Zinc is required for normal growth and development throughout pregnancy, infancy and puberty, for the sense of taste and smell as well as for cell division. In pregnant women, zinc deficiency may lead to fetal brain cells decrease and may affect their development. Children’s zinc deficiency may hinder normal growth, intellectual development, and reproductive system health (3).
Zinc is involved in DNA synthesis and genetic expression. It is also important for immunity and in healing wounds and repairing tissues.
How much zinc does our body require?
The prescribed daily zinc consumption for an adult woman is 7 milligrams, for males is 9.5 milligrams and for children is 8.5 mg per day. The limit should not surpass 25 milligrams a day.
The recommended daily adult intake of zinc is 15 mg. Symptoms usually do not become evident until ingestions exceed approximately 1 to 2 g of zinc. Toxic exposures have occurred through the gastrointestinal, dermal, respiratory, and parenteral routes (2).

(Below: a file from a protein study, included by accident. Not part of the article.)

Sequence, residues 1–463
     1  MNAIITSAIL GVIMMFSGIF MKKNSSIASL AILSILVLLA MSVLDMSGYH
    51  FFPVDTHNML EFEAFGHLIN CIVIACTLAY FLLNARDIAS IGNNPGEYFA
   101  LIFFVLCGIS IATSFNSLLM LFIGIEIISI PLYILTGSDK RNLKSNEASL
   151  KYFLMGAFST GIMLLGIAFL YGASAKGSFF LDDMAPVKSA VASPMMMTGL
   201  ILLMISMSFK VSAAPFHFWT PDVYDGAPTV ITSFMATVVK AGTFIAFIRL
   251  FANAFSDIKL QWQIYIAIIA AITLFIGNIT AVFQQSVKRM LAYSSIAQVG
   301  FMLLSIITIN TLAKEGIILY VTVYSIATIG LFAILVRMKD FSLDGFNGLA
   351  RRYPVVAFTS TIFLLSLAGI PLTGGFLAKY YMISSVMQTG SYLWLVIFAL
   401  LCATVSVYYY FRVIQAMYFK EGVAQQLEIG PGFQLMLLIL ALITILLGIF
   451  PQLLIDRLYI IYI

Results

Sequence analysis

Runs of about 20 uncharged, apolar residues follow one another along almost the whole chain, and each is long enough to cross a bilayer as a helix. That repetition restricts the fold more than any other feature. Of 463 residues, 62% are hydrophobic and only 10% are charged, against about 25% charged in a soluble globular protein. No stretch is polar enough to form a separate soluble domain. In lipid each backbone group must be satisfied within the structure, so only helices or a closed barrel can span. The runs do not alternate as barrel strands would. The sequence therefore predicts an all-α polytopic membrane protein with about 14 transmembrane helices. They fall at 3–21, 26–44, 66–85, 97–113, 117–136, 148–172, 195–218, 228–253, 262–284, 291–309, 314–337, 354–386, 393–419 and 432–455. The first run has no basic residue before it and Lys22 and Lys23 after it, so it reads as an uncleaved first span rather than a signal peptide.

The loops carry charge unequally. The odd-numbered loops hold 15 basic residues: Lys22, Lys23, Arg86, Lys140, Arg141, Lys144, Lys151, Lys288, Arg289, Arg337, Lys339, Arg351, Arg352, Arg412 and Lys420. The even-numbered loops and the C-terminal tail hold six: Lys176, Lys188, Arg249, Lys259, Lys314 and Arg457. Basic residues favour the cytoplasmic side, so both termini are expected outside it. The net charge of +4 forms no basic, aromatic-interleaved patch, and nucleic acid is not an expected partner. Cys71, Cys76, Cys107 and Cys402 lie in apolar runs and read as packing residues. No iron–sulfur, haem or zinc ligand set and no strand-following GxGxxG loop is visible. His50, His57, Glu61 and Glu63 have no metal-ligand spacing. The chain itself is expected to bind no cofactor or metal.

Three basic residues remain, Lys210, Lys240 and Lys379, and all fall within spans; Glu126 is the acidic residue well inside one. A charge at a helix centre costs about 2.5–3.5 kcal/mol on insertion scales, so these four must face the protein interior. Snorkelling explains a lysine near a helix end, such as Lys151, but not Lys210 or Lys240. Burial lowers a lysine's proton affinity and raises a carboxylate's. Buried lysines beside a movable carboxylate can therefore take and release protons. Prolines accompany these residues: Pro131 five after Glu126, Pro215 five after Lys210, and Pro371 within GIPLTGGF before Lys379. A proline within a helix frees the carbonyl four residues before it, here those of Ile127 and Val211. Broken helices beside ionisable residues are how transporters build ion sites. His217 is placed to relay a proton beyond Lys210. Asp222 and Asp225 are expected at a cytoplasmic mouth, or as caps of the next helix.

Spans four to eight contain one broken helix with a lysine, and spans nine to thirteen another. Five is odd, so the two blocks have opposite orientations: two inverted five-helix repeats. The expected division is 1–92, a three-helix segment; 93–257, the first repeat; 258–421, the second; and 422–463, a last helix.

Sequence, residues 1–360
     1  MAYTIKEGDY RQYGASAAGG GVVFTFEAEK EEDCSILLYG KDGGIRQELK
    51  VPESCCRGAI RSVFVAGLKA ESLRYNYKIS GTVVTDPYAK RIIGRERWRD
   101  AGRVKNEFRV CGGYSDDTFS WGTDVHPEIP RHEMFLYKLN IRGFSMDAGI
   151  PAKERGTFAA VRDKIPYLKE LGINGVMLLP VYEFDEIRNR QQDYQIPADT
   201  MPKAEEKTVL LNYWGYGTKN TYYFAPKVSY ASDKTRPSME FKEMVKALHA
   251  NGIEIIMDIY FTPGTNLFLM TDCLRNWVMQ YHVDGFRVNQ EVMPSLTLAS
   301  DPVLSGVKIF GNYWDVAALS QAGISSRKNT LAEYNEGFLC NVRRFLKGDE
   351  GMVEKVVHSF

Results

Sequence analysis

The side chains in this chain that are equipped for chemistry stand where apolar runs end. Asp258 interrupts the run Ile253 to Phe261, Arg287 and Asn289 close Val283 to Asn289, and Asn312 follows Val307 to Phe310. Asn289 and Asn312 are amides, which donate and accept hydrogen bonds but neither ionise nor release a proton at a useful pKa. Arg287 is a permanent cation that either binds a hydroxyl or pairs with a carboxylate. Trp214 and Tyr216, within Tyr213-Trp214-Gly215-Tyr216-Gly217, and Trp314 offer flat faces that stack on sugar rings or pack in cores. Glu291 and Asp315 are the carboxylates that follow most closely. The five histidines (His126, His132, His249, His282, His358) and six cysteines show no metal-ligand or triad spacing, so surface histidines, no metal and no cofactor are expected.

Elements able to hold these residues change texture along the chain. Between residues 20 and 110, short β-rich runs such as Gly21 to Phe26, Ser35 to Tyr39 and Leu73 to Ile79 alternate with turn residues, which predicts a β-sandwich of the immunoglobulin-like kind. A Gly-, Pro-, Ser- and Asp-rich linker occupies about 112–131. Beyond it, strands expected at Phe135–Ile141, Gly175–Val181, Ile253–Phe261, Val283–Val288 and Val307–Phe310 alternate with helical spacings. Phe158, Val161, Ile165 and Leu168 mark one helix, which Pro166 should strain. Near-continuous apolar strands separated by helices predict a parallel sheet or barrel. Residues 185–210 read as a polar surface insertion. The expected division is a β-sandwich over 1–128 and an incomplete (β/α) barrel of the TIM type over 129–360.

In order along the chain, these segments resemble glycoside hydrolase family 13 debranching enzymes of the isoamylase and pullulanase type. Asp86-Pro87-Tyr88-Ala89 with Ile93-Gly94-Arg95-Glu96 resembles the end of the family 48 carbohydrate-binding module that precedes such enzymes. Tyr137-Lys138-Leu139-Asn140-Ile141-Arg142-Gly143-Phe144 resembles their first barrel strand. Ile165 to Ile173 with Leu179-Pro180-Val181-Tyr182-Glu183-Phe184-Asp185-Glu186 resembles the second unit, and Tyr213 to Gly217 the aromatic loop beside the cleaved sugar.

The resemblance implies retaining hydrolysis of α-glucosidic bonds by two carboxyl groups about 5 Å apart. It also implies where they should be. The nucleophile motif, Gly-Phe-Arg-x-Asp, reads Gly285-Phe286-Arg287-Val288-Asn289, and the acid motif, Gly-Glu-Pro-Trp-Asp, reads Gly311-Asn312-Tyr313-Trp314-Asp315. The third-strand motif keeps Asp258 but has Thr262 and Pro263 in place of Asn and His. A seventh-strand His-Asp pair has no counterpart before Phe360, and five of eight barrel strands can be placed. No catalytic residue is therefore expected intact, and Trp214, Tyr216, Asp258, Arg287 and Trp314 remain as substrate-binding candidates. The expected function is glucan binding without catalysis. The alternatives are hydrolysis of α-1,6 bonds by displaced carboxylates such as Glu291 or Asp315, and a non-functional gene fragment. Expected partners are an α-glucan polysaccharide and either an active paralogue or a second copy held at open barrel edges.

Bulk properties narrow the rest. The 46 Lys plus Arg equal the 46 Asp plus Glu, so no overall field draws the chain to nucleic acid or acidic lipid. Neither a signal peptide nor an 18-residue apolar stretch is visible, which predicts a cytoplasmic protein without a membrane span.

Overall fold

In this brief guide, we have provided an answer to the question, “How to treat too much zinc in your body?”. We have also elaborated on the symptoms of zinc toxicity, and the risk factors for zinc toxicity.
- Zinc professional sheet on health professionals. National Institute of Health.
- Agnew, U. M., and T. L. Slesinger. Zinc Toxicity.[Updated 2020 May 7]. StatPearls [Internet] (2020).
- Chasapis, Christos T., et al. Zinc and human health: an update. Archives toxicol, 2012, 86, 521-534.
- Plum, Laura M., Lothar Rink, and Hajo Haase. The essential toxin: impact of zinc on human health. Int j environ res public health, 2010, 7, 1342-1365.
- Shkembi, Blerina, and Thom Huppertz. Influence of Dairy Products on Bioavailability of Zinc from Other Food Products: A Review of Complementarity at a Meal Level. Nutrients, 2021, 13, 12.